Dilutive Funding vs Non-dilutive Funding
The difference between dilutive and non-dilutive funding
Companies need funding – and early-stage companies need this even more. However, it can be a challenge to get hold of the right level of funding, especially as many traditional banks are wary of extending credit to new companies or those that are going through challenging times. Where traditional banks are not an option, dilutive and non-dilutive funding can help to fill the gap – but what’s the difference?
Also known as equity finance, dilutive funding is funding in return for giving away some ownership and/or control over the company. This is a situation that is far from ideal for many businesses. The advantage of dilutive funding is that there may be no need to repay the money you receive (although most investors will be looking for a return), but the loss of control and ownership can be a heavy price to pay.
Because of the problems with control and ownership that tend to come with dilutive funding, non-dilutive funding is a preferable option for many organisations. It is essentially a debt financing solution that requires repayment – but there is no impact on the company’s ownership, and there will be no change in control and ownership when you opt for non-dilutive funding. So, what does that look like in practice?
- Small business loans – If your enterprise is small or medium-sized, you might be eligible for small business loans. These work slightly differently from personal loans, as they are based on the balance sheet and income of the business. Most loans of this type will have a relatively long life, which can be important in cash flow terms, and they are a convenient form of non-dilutive funding. Plus, interest payments can be chalked up as liabilities when doing your tax.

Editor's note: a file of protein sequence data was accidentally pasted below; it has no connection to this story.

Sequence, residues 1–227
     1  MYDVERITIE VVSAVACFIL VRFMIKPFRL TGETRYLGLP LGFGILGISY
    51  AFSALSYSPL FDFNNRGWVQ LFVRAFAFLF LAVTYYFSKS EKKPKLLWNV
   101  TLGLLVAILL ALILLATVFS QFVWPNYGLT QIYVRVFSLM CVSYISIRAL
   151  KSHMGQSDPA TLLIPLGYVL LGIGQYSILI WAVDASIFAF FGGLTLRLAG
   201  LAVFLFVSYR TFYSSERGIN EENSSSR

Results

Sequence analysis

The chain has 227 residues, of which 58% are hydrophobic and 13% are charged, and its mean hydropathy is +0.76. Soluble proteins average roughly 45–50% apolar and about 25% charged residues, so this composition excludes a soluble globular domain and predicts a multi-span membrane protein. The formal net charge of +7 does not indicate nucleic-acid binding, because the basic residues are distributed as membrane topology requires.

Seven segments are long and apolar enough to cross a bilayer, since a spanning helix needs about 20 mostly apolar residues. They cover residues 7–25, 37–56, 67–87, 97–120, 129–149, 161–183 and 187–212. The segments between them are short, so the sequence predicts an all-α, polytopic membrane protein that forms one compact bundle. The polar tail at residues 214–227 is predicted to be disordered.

- Tax credits – If your business invests in innovation, something like R&D tax credits can be a great form of non-dilutive funding. Depending on your business type and situation, you may be able to make a claim that, if successful, is returned to you as either a one-off payment or an amount that can be set off against your tax bill. Either way, there is a cash flow benefit that can free up more funds to divert into key resources.
- If your business is eligible for a grant, this is a great option as non-dilutive funding because there is no obligation to repay. However, for this reason, grants are often in high demand, and they can be very competitive. Grants are typically government funding, and you can start your search for a grant by looking at those that are offered to businesses of your specific size or in your industry.
- Other options – Venture debt, royalty licensing and bonds and vouchers can also be attractive as non-dilutive funding options.
The key difference between dilutive and non-dilutive funding options is the repayment structure – and how this type of funding impacts ownership and control of your business.
Receive non-dilutive funding through SPRK Capital’s R&D tax credit loans
With SPRK Capital’s R&D tax credit loans, you can get advance funding on your R&D tax claim. SPRK Advances are an alternative, non-dilutive source of capital for those businesses. SPRK delivers this by positioning itself as the hub between R&D companies seeking capital, third-party data providers and expert R&D advisers.
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